Following this came another artist of international fame: Larry Graham & Graham Central Station, delivered a superbly energetic, disco set on the main stage, complete with a walk through their inspirations. Graham and his band were on fire, and it had to be one of the most infectiously joyful sound of the entire day, capturing the summer weather and party spirit of the crowd. Graham’s bass playing was spectacular, and it was clear to see how he became one of the biggest influences in bass playing, slapping and popping and making the instrument come to life in his hands. Also notable was his vocalist Ashling “Biscuit” Cole, likely the youngest member of the band, but owning the performance with powerful and sweet vocals.


Saturday night’s headliner was the legendary Chaka Khan. It’s safe to say that she has lost none of her power or range over the years. Putting in an absolutely fabulous set, with a flawless backing band, Khan delivered hit after hit tirelessly, never missing a note and truly making the stage hers. Of course, ‘I’m Every Woman’ was one of the most special moments of the weekend, but the instrumentalists in the band were not forgotten, with a masterful bass solo from Melvin Lee Davies, as well as other well executed solos from the guitar, drums and keys.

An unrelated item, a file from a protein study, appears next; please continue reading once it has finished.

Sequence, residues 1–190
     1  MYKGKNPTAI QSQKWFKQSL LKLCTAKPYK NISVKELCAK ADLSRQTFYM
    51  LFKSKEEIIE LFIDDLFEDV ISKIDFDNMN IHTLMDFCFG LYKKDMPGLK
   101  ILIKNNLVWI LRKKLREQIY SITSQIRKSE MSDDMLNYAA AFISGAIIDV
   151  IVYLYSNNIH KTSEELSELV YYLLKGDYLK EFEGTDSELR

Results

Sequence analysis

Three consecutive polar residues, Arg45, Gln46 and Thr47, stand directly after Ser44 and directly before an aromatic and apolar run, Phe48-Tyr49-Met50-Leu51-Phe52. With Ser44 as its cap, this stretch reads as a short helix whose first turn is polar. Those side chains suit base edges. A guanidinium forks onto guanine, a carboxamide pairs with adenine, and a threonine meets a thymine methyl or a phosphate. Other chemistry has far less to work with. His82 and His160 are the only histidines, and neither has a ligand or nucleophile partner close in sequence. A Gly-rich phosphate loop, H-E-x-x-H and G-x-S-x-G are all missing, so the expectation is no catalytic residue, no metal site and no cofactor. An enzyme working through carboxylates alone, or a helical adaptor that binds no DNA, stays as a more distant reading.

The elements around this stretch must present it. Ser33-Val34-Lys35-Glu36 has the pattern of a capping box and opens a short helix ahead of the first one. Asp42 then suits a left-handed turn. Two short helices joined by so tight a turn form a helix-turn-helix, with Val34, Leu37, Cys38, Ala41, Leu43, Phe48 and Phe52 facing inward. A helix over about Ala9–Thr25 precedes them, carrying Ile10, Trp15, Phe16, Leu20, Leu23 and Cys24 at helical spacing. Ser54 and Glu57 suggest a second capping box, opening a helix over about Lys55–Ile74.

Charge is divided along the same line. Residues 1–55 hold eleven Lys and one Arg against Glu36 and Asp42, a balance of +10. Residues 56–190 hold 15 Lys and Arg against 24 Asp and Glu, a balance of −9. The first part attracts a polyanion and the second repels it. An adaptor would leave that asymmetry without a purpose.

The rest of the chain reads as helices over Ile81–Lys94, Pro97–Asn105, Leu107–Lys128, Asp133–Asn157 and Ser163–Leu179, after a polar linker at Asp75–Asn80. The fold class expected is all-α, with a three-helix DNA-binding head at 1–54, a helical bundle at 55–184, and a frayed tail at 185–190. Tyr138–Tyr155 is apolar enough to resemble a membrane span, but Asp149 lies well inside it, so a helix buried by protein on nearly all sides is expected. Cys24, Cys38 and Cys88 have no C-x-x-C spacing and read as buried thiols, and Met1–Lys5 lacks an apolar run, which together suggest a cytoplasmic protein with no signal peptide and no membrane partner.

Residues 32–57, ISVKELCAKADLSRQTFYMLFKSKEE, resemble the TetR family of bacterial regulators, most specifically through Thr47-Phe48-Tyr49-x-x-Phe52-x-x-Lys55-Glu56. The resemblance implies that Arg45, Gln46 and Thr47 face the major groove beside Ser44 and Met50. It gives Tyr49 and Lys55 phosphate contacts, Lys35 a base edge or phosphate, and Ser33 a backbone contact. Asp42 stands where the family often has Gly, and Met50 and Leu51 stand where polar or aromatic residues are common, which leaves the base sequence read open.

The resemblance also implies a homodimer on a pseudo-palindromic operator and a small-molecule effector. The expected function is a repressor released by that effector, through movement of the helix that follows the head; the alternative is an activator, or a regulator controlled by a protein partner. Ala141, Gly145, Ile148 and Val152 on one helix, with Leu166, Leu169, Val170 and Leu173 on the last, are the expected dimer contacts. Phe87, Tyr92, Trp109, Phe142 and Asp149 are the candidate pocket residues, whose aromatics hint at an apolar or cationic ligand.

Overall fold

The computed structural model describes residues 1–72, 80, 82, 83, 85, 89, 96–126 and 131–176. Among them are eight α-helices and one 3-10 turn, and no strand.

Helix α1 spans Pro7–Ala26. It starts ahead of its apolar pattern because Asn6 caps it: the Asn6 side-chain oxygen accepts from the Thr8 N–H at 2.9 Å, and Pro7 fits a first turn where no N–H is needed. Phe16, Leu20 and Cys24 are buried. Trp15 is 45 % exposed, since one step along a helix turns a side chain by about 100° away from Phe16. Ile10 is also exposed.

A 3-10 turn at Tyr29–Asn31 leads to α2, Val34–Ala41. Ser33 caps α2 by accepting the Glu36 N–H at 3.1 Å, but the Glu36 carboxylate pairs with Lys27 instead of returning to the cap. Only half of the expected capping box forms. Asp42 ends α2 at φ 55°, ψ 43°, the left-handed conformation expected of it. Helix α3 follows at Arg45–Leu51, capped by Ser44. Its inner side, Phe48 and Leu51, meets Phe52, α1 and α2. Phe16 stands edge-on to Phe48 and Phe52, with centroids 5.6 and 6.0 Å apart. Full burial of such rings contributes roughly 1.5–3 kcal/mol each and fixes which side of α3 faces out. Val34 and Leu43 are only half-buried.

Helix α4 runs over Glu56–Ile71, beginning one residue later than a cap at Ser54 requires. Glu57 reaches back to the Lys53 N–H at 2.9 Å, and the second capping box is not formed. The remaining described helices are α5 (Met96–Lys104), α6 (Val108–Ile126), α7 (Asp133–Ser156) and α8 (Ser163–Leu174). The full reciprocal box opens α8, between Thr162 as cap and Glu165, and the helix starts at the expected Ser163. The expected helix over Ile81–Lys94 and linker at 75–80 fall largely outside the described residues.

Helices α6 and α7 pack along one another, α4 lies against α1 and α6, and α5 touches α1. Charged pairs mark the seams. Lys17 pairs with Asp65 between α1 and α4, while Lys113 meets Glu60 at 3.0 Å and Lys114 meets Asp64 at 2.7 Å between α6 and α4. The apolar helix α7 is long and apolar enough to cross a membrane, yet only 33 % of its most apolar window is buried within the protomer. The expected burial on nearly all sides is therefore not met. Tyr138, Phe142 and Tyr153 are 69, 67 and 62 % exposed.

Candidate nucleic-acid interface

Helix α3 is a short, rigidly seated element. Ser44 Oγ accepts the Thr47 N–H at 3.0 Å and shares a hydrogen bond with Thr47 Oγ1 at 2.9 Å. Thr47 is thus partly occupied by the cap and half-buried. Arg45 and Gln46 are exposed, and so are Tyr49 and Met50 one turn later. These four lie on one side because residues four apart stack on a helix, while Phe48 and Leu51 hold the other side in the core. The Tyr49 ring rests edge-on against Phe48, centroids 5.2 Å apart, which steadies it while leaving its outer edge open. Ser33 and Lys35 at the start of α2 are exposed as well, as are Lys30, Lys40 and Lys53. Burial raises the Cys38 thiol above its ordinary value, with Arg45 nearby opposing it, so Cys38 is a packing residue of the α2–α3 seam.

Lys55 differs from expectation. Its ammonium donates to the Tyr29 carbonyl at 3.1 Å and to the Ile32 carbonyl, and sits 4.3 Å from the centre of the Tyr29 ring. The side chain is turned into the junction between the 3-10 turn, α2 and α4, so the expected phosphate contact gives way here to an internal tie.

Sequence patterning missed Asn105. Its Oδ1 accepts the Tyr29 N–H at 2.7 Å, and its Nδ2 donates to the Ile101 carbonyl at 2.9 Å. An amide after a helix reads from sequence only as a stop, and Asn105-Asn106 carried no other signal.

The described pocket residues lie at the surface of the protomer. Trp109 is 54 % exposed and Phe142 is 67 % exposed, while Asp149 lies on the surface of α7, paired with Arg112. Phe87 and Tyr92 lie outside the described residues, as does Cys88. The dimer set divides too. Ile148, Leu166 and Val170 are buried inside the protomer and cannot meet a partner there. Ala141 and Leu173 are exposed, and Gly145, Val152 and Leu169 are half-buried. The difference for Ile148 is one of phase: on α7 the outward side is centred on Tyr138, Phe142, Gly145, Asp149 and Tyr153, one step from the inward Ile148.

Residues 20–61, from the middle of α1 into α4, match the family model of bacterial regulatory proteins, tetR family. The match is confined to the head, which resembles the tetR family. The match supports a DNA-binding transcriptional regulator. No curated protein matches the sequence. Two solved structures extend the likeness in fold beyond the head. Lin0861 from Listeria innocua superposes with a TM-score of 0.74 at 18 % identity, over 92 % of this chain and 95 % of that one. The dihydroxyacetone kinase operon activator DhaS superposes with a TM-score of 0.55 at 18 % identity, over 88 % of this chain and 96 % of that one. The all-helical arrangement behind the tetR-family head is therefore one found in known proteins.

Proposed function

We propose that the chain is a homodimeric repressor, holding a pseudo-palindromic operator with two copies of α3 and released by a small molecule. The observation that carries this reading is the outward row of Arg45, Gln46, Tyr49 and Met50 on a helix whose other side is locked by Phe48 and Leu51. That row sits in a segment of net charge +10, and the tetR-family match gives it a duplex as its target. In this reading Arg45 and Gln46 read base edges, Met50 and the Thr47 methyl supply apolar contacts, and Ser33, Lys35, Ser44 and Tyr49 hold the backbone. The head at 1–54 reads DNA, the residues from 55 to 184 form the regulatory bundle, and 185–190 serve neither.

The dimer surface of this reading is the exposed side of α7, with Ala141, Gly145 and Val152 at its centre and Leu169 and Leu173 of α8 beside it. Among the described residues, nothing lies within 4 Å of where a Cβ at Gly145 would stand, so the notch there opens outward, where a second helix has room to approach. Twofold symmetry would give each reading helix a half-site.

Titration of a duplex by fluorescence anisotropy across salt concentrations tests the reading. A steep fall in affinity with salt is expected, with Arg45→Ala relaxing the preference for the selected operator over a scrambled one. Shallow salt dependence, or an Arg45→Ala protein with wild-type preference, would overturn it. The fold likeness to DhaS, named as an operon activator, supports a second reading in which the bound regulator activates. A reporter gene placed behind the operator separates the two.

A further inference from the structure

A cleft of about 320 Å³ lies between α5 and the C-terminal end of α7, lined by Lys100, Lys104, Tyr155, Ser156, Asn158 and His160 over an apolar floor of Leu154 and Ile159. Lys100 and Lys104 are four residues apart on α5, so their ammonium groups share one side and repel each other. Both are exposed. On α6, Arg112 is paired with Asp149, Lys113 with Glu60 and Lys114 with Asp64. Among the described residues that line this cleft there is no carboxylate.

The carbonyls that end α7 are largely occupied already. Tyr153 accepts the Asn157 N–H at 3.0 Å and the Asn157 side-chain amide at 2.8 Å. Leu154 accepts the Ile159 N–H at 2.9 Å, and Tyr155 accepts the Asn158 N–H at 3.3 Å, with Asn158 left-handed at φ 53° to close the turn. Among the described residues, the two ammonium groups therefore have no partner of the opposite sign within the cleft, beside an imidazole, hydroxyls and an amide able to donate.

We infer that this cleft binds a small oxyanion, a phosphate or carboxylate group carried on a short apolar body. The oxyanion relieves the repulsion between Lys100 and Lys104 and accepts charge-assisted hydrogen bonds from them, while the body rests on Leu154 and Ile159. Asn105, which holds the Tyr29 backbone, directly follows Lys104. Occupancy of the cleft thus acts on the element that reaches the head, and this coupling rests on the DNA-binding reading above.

Opening the final day of the festival, the rain came heavily down forcing us to seek refuge once more in the Big Top tent. This lead to my best discovery of the weekend, the vocalist, Christine Tobin. Showcasing her reimagining of Leonard Cohen’s works, with a minimal band: upright bass, drums, accordion and guitar, Tobin was captivating. Her vocals were clear and pure, and were complimented perfectly by the understated yet inspiring rhythm section. A friend of mine asked that we pay special attention to the accordion player, Huw Warren, who it happens is their tutor at the Royal Welsh College of Music and Drama in Cardiff, and his minimalist approach to the accordion added perfectly to the overall sound, never sounding overdone, but never leaving us without interest. The highlight of the set was a jauntily rhythmic, yet discordant minor cover of Cohen’s ‘Story of Isaac.’